Letter and Spirit of the Law - Shabbat 8
On the question of limits, we find another example of the eruv extension in today’s page. We read recently that the eruv is a rabbinic legal fiction that enables someone to extend the bounds of what is considered private space so as to facilitate carrying objects on Shabbat. We read today that one may also use the mechanism of placing food in a discrete location to extend walking distance – the 2000 cubits one is allowed to walk from a private abode may actually be measured from where one places special food just before Shabbat, thus enabling one to call that spot “home” to begin the 2000 cubit radius. At question here is not the proposition that a home can be defined by some food in a hole in the ground, but rather how deep that hole must be to count! And the answer here is less than 10 handsbreadths deep, because then it would be another private space, while if less than 10 it is still part of the space above it.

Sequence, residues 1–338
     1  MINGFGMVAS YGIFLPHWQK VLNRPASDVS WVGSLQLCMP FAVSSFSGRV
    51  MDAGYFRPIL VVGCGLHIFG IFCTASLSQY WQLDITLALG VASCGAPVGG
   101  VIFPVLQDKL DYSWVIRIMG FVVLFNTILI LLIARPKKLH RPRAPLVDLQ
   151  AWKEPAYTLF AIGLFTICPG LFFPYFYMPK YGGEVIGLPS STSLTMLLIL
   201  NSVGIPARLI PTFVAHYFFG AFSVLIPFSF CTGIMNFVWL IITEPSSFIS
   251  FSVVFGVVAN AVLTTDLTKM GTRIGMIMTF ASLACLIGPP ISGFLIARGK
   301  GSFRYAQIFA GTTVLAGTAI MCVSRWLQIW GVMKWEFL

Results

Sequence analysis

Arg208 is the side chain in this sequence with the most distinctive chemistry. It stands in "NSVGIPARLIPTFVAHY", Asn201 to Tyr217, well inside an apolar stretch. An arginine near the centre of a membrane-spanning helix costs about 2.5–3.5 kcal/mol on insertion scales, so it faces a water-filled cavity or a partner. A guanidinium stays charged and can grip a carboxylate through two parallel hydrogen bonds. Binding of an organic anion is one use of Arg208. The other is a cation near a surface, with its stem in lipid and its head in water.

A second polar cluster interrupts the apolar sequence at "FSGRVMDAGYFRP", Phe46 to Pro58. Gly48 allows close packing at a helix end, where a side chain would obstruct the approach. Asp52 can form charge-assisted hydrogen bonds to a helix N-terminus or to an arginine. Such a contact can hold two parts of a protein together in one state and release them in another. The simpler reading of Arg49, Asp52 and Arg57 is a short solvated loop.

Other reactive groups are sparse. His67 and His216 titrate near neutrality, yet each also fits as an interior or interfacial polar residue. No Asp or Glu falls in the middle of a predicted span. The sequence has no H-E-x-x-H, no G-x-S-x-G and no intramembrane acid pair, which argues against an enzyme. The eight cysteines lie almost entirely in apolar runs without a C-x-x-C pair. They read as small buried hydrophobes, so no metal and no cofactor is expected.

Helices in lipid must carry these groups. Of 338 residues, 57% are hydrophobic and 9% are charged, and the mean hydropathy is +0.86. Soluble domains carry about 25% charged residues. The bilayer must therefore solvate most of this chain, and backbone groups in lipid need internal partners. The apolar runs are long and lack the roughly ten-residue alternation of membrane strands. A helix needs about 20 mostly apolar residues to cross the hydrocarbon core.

As many who are outside of or question the halakhic worldview have done, one begins to consider the possibility that such an extension of a legal fiction begins to make the original rule seem ignored. I have the same reaction to “kosher for Passover” chocolate cakes – if the point is to eat lekhem ‘oni [the bread of affliction], then don’t dodge that by sticking to the detail rule about leaven/yeast [hametz] while eating chocolate cake! In the end, it becomes a battle between the “letter” of the law, and the “spirit” of the law, and for individuals who don’t accept the law’s authority in the first place, even more removed than that.
Rabbi Adam Chalom